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It is almost always in the best interest of a child to have a relationship with both parents. This can be true even when there is an extenuating circumstance that might make it potentially unsafe for the child to be left alone with one of the parents. In these instances, rather than closing the door on the chance of having visitation altogether, sometimes supervised visitation is an option. A judge will decide when this is the case.

Supervised visitation is not always permanent; sometimes it is a temporary order to be followed while the court sorts out the best interest of the child. Read on to find out when supervised visitation might be necessary, what you can do to request supervised visitation with your child’s other parent, and what you can do if you are the one being told that your visitation with your child must be supervised.

When Is Supervised Visitation Necessary?

Anytime a judge thinks that a parent might not be able to provide safe supervision for their child, supervised visitation might be ordered. The main priority in any child custody case is meeting the needs of the child. While in most cases, it is beneficial for a child to spend time with their non-custodial parent, the physical and emotional safety of the child must always be considered.

In certain cases, in order to ensure that the child is safe, visitation might need to be supervised. There are several types of situations that might warrant supervised visitation. They include (but are not limited to):

    • A history of child abuse. In some cases of child abuse, the parent will not be able to have contact with the child at all. In other cases, however, supervised visitation might be an option.
    • A history of domestic violence. If one parent has physically abused the other parent or someone else in the household, they might be ordered to have only supervised visits with the child. This is the case even if the parent never abused the child at all.
    • A substance abuse issue. A parent who is currently struggling with an addiction to any type of substance (generally drugs or alcohol) is not usually able to provide a safe place for their child and will often be offered only supervised visits.
    • A history of neglect or abandonment. If a parent has neglected their child or who has abandoned him or her, supervised visits are often advised to be sure the child is both physically and emotionally safe.
    • Severe mental illness or mental disability. If a parent is not mentally stable, they might require supervised visits to be sure that the child is safe.
    • The threat of child abduction. A parent who has attempted to or threatened to abduct the child or keep them from their other parent might find that they are no longer allowed to have unsupervised visitation.

How Does Supervised Visitation Work?

Supervised visits are overseen by a third party. Many times, a judge will require that the parent and child visit at a facility designed for that purpose. There are often rooms with toys and furniture that parents and their children can use to visit. A social worker or another monitor will also be in the room for the duration of the visit.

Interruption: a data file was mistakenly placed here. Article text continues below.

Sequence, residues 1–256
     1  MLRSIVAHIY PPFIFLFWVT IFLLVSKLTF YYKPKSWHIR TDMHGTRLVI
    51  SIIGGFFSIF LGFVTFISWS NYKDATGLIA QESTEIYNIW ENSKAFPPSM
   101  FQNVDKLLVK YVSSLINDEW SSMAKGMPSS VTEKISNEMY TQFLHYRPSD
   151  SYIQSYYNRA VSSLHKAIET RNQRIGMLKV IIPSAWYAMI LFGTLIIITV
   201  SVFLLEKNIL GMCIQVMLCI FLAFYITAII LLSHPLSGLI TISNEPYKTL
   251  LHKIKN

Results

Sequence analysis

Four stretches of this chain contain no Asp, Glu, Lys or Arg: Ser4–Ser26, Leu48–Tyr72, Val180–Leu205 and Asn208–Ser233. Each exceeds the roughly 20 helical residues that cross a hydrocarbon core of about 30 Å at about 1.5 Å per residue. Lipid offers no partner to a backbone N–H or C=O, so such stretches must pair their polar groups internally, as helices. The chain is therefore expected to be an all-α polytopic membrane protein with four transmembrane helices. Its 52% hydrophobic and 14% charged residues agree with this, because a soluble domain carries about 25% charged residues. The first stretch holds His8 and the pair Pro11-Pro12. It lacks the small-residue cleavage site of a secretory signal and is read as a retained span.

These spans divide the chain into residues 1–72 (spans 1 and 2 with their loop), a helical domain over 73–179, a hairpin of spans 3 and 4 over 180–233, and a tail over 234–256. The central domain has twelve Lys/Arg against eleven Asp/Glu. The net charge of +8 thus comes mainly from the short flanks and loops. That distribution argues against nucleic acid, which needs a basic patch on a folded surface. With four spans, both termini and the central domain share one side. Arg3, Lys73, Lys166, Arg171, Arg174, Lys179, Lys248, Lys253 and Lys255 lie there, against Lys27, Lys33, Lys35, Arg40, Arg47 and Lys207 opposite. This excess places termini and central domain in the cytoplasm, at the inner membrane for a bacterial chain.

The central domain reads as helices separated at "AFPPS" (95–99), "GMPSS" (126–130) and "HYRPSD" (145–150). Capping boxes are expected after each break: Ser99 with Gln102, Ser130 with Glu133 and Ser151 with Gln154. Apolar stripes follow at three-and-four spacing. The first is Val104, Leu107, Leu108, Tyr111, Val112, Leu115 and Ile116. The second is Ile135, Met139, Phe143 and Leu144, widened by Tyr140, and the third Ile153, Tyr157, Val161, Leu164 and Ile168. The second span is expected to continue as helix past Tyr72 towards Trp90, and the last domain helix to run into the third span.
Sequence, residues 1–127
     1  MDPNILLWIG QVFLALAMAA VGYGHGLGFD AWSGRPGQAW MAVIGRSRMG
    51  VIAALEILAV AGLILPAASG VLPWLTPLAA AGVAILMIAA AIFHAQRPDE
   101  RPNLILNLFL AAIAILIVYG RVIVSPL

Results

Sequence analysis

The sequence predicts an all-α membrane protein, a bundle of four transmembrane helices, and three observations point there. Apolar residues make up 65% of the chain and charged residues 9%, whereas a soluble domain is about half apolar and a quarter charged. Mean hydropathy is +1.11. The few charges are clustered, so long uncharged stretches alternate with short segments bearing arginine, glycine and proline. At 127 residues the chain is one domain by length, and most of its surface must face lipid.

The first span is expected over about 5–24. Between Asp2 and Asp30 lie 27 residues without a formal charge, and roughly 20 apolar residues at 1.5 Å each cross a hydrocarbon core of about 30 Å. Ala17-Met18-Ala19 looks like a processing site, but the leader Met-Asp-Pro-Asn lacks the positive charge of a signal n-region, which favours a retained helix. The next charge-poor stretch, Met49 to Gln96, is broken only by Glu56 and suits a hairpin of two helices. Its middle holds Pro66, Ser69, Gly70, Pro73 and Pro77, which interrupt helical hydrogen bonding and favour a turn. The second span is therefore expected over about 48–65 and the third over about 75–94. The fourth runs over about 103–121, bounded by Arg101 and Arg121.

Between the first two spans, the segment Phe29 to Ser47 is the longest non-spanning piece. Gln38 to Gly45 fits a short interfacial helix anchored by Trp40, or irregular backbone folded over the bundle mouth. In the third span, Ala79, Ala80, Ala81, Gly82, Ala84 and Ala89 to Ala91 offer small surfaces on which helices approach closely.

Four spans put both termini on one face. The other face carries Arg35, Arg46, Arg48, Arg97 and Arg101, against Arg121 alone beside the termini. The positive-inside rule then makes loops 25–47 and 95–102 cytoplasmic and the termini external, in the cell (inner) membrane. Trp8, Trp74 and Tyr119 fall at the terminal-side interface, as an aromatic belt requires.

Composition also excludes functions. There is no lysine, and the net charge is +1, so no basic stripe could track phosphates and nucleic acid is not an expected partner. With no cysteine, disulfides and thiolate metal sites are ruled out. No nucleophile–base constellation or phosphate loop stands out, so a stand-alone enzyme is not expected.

In other cases, a social worker or monitor will take the child to the non-custodial parent’s home and will supervise the visit there. And other times, a third party agreed upon by both parents can be the monitor. For example, if a father has supervised visitation, it might be acceptable for the visits to take place at the home of the paternal grandmother as long as the grandmother is present.

What Can I Do If I Don’t Think My Child Is Safe?

If you are afraid that your child is unsafe while in the care of his or her other parent, it is important to contact the court and let them know. A guardian ad litem (GAL) might be assigned to your case. This is an individual who will be assessing both your interactions and your ex’s interactions with the child. He or she might interview others who know one or both of you, as well.

In an emergency situation, such as if your child’s other parent has abused your child, you should call the police to file a report. They will contact the Department of Children and Families (or the equivalent agency in your state).

You can also contact the agency yourself. Once this is done, both parents will be investigated and the agency can go back to the court to have the custody agreement modified if necessary. A lawyer or a legal resource group like Family Law Legal Group can help you determine what to do and what agencies you need to help you keep your child safe.

What Can I Do If My Visits Are Supervised?

If you have been assigned only supervised visits with your child, attend your visitation as ordered. Show up each time, barring illness or extenuating circumstances. The most important thing is that you continue to create a bond with your child, and having supervised visits will allow that to happen. Sometimes, supervised visits will be permanent.

In this case, look forward to your visits and be creative when it comes to making plans with your child. If allowed, you can ask the social worker to supervise your visits while you take your child to get ice cream or even to go somewhere like a zoo. If that is not allowed or you are not able to do that, play new games and think of fun and inexpensive crafts and other activities the two of you can enjoy together.

In other cases, you might be able to one day have unsupervised visits. For this to happen, you will need to follow a plan given to you by a judge. You might need to show that you have not used substances in the last 60 days, for example, or you might need to find a new apartment in a safer area. If you have abused your child, you might need to complete an anger management program. Do whatever you need to in order to gain unsupervised visits, if possible.


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